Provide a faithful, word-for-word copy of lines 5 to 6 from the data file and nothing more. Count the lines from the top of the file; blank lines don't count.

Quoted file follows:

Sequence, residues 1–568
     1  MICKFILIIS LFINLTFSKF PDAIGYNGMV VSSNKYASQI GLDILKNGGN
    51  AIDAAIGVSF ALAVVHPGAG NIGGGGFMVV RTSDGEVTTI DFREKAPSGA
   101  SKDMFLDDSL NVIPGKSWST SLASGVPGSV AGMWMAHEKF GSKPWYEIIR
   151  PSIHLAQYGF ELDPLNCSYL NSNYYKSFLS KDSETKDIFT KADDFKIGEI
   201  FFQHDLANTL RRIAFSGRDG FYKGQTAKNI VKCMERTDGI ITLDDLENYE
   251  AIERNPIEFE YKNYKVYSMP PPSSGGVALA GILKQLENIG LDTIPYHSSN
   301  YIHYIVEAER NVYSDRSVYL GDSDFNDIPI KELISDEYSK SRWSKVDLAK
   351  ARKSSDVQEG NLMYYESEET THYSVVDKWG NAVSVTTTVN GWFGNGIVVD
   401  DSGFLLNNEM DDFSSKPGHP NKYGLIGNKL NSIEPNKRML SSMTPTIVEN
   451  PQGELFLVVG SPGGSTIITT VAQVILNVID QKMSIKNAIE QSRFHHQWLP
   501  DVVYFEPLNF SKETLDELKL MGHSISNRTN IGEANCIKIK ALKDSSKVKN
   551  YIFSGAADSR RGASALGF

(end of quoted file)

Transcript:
   151  PSIHLAQYGF ELDPLNCSYL NSNYYKSFLS KDSETKDIFT KADDFKIGEI
   201  FFQHDLANTL RRIAFSGRDG FYKGQTAKNI VKCMERTDGI ITLDDLENYE